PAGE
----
Effect of amniotic fluid on peri-implant capsular formation


AESTHETIC PLASTIC SURGERY, vol.29, no.3, pp.174-180, 2005 (SCI-Expanded) identifier identifier identifier

  • Publication Type: Article / Article
  • Volume: 29 Issue: 3
  • Publication Date: 2005
  • Doi Number: 10.1007/s00266-004-0135-0
  • Journal Indexes: Science Citation Index Expanded (SCI-EXPANDED), Scopus
  • Page Numbers: pp.174-180
  • Karadeniz Technical University Affiliated: Yes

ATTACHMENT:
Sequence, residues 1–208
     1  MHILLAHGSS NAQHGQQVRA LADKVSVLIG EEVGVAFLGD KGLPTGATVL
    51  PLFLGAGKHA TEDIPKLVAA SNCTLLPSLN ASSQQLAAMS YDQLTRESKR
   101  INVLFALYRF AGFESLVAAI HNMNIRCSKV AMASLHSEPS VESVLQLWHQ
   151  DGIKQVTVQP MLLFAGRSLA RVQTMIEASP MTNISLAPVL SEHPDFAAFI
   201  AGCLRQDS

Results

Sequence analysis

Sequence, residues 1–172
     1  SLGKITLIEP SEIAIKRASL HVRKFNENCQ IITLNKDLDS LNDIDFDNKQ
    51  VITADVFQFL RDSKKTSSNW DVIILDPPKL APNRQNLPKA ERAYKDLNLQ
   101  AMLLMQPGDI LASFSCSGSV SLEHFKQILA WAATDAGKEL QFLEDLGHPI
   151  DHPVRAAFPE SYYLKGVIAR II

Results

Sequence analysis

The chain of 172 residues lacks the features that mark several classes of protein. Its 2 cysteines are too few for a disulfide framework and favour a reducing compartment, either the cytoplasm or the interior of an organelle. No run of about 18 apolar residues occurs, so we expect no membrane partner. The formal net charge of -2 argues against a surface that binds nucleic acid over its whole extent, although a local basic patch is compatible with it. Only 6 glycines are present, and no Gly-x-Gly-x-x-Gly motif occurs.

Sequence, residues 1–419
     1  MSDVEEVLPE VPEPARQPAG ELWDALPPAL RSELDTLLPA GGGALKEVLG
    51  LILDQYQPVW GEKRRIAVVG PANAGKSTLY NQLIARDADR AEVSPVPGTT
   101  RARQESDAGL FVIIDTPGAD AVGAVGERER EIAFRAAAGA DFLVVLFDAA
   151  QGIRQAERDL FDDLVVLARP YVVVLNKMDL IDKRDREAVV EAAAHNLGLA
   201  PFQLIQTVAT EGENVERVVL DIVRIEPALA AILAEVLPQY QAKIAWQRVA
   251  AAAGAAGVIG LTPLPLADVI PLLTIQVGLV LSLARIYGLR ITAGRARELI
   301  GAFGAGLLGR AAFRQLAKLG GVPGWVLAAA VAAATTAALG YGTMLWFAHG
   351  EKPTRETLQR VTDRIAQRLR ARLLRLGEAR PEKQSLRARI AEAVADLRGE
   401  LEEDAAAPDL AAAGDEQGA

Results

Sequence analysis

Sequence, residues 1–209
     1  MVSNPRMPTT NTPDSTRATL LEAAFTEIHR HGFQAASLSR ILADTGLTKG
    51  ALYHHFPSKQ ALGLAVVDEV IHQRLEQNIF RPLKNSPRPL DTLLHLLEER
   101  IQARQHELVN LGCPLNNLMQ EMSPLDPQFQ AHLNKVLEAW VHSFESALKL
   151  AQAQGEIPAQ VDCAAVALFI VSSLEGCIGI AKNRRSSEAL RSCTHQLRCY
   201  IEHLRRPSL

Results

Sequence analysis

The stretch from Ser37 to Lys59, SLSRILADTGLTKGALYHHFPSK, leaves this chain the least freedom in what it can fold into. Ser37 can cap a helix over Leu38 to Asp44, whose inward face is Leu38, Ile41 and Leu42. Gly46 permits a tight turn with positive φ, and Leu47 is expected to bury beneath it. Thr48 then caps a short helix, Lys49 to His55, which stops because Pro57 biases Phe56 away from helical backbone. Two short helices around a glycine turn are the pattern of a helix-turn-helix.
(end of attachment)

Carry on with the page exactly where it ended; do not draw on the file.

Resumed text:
Although commonly used biomaterials are physically and chemically stable, nonimmunogenic, and nontoxic, implanted and blood-contact biomaterials trigger a wide variety of unwanted responses, including inflammation, thrombosis, infection, and fibrosis. Peri-implant fibrosis is the response most commonly seen by plastic surgeons. In this study, the authors hypothesized that as hyaluronic acid (HA) reduces scar formation by inhibiting the activity of mononuclear phagocytes and lymphocytes, human amniotic fluid (HAF), which contains high concentrations of HA, HA-stimulating activator (HASA), and other factors, might prevent the formation of fibrous capsules and capsule contracture when applied intraluminally. Two 1 x 1-cm silicone blocks were placed dorsally into separate surgically created pockets underneath the panniculus carnosus muscle, distant from the incisions, in each of the 10 rats in the study. At the time of implant insertion, 2 ml of HAF was instilled into the cranially located pockets in group 1, whereas 2 ml of saline solution was instilled into the caudally located pockets in group 2. After 6 months, intracapsular static and dynamic pressure measurements were made, and then all the peri-implant capsules were excised and fixed in 10% neutral buffered formaldehyde. The thicknesses of the capsules were measured in three different areas of each section, and a mean was calculated. Capsular firmness, according to the static and dynamic pressure readings, was significantly greater in the control group, which had saline solution introduced into the pocket, than in the treatment group, which had HAF used in the same manner. The mean total thickness of the capsules surrounding the implants was 876.7 mu m in the control group, as comparied with 466.8 mu m in the HAF-treated group. This difference was statistically significant (p < 0.001). Because of its ability to reduce capsular thickness and firmness and also because it can be stored in a freezer if it is prepared in a cell-free manner, HAF would appear to be a useful adjunct in the prevention of capsular contracture formation.